The London Irish hooker, David Paice, has been suspended for three weeks following an independent Disciplinary Hearing in Dublin arising from the European Rugby Challenge Cup Round 5 match against Grenoble at the Madejski Stadium on Saturday, 17 January 2015.

Paice was sent off by referee, Dudley Phillips (Ireland), in the 57th minute of the Pool 1 game for allegedly striking the Grenoble full-back, Julien Caminati (No 15), with his head in contravention of Law 10.4(a).
Law 10.4(a) Punching or striking. A player must not strike an opponent with the fist or arm, including the elbow, shoulder, head or knees.
Under World Rugby's Sanctions for Foul Play, Law 10.4(a), Striking with the Head, carries the following sanction entry points: Low End: 4 weeks; Mid-Range: 10 weeks; Top End: 16 to 104 weeks.

The independent Judicial Officer, Jean-Noel Couraud (France), heard evidence and submissions from Paice, who pleaded not guilty to the offence, from the London Irish Interim Head Coach, Glenn Delaney, and the London Irish Team Manager, Kieran McCarthy, as well as from the EPCR Disciplinary Officer.
In upholding the red card decision, the Judicial Officer found that Paice had committed an act of foul play. He concluded that the offence was at the low end of World Rugby’s sanctions for offences of this nature and selected four weeks as the appropriate entry point.
Taking into account the player’s good conduct at the hearing, the Judicial Officer reduced the sanction by the maximum of one week and imposed a suspension of three weeks.
Paice is free to play on Monday, 9 February 2015. Both the player and EPCR have the right to appeal the decision.


(i) Red Cards
a) The case of any player sent off in European Rugby Champions Cup and Challenge Cup games shall be adjudicated by an independent Judicial Officer as soon as is practicable.
b) Until the hearing the player is ineligible to play in any tournament.
(ii) Disciplinary Hearing
a) The independent Judicial Officer is chosen by the chairman of the independent Disciplinary Panel, Professor Lorne Crerar.
b) EPCR's Disciplinary Officer presents the case against the player.
c) If a red card decision is upheld, the independent Judicial Officer will be required to consider the appropriate sanction. Under World Rugby's sanctioning regime, which EPCR is obliged to follow, the Judicial Officer will first assess the seriousness of the player's actions and determine which of the three stipulated entry points (lower end, mid range and top end) is the most appropriate.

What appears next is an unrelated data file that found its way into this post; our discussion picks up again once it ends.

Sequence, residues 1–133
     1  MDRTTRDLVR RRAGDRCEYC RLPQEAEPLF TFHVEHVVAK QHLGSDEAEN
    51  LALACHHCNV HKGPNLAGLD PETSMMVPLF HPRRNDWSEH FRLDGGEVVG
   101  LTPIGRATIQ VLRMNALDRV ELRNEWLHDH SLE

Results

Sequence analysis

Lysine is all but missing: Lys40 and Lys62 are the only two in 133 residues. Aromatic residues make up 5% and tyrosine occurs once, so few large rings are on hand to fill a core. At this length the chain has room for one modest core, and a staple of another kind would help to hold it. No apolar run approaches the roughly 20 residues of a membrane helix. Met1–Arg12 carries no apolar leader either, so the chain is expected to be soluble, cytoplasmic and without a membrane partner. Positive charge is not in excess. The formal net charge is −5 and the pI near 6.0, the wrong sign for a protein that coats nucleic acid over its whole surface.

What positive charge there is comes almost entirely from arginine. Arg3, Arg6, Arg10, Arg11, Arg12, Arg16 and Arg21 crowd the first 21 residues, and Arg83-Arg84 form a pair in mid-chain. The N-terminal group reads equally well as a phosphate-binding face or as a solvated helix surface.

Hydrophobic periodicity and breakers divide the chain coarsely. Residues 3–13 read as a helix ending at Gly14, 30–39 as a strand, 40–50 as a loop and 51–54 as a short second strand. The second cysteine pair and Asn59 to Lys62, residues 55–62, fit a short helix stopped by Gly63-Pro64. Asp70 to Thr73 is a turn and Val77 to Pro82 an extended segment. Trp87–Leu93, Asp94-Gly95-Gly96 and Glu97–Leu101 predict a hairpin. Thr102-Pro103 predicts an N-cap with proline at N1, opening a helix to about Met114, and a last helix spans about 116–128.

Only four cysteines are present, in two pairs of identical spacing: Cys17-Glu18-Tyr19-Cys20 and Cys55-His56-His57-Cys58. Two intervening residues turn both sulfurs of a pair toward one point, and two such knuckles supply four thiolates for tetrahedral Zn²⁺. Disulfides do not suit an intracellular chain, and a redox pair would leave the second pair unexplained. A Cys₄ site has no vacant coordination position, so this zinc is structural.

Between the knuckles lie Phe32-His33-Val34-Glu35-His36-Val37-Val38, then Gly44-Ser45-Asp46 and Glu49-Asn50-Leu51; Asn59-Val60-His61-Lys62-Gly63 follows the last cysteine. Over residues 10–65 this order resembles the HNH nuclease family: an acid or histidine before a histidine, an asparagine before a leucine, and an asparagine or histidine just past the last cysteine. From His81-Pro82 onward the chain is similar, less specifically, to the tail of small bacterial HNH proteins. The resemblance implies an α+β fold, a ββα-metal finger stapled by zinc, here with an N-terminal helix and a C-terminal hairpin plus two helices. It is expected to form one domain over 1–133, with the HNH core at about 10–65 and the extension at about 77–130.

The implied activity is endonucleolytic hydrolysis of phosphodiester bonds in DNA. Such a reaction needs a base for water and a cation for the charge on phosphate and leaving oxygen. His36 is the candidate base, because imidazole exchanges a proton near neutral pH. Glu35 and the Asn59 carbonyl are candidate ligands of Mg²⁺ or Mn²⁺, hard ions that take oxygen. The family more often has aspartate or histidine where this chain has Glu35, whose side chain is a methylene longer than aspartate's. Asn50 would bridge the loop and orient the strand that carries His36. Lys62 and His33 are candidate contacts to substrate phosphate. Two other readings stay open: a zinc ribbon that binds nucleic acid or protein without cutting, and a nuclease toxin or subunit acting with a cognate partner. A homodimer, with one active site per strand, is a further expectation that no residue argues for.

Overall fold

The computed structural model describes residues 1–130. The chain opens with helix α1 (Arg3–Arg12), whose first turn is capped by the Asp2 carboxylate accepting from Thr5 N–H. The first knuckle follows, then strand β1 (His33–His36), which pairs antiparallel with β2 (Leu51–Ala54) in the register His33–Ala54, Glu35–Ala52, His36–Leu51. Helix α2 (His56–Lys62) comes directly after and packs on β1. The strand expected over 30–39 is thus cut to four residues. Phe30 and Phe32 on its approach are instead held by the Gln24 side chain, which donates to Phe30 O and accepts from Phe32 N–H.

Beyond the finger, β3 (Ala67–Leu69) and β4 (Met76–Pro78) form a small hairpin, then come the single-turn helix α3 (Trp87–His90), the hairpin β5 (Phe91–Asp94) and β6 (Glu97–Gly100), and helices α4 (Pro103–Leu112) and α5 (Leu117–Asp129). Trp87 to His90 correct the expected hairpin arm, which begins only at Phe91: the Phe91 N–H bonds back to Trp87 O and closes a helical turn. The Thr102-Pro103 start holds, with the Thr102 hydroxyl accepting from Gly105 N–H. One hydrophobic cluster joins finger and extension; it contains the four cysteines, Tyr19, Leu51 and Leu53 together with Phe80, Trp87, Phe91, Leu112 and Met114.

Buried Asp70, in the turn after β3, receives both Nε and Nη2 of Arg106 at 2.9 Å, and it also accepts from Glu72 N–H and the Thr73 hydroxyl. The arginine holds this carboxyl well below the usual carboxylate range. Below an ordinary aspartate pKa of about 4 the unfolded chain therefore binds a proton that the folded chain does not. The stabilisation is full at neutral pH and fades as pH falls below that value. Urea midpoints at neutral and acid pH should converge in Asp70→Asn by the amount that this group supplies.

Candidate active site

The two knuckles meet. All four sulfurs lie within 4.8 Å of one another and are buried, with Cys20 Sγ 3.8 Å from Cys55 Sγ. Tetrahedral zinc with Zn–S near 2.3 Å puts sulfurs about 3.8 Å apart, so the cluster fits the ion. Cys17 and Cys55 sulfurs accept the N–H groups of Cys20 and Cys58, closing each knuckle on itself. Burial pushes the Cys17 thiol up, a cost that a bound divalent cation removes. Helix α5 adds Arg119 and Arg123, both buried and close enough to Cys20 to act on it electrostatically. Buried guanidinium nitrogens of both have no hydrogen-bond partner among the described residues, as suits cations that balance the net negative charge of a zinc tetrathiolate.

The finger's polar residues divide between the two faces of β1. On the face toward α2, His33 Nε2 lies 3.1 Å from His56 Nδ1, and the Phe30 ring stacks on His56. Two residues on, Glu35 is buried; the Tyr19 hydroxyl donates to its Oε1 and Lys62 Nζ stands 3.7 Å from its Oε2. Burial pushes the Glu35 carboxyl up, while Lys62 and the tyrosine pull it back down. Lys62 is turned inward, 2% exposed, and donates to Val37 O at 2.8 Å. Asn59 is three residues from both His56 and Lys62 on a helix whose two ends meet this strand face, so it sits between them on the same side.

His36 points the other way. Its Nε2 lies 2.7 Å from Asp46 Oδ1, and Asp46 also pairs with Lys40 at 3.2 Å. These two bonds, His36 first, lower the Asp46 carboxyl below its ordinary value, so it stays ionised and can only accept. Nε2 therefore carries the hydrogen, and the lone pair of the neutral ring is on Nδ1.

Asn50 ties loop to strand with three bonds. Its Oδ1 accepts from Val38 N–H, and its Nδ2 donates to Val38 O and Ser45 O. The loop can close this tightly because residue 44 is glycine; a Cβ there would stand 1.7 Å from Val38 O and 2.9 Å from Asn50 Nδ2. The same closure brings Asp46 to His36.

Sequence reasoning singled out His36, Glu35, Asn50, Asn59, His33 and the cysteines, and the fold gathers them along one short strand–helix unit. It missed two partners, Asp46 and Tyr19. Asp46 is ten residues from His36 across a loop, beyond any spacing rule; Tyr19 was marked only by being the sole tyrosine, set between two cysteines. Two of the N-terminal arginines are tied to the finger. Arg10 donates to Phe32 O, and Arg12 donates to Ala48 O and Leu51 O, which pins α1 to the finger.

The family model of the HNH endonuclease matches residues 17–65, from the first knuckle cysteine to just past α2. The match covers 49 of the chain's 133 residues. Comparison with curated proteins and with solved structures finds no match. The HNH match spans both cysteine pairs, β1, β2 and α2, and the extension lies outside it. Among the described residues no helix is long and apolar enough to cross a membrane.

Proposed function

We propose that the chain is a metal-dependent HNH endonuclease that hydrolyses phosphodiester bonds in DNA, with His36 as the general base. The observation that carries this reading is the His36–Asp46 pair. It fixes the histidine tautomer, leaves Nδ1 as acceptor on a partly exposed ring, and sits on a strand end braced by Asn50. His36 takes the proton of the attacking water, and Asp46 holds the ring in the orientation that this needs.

d) The Judicial Officer will determine the appropriate entry point based on his/her assessment of a number of particular characteristics of the player's actions, including whether or not they were intentional, whether or not they caused any injuries and whether or not they had any effect on the relevant match.
e) After deciding the entry point, the Judicial Officer will then consider whether the suspension should be increased from the entry point to take account of certain specified aggravating factors, such as a poor disciplinary record or the need for deterrence, and/or decreased from the entry point to take account of certain specified mitigating actions, such as a guilty plea, a good disciplinary record, the player's conduct at the hearing and expressions of remorse.
d) A suspension is a blanket ban from playing rugby union anywhere in the world.
e) Both parties to the hearing (EPCR and the player) have the right to appeal decisions of the independent Disciplinary Hearing. Appeals must be lodged within three (3) working days of receiving the full written decision of the Judicial Officer.
f) The full written decision of the Judicial Officer will be available on when the disciplinary process is complete.
g) For World Rugby's Sanctions for Foul Play, found at Appendix 1 to World Rugby Regulation 17, please go to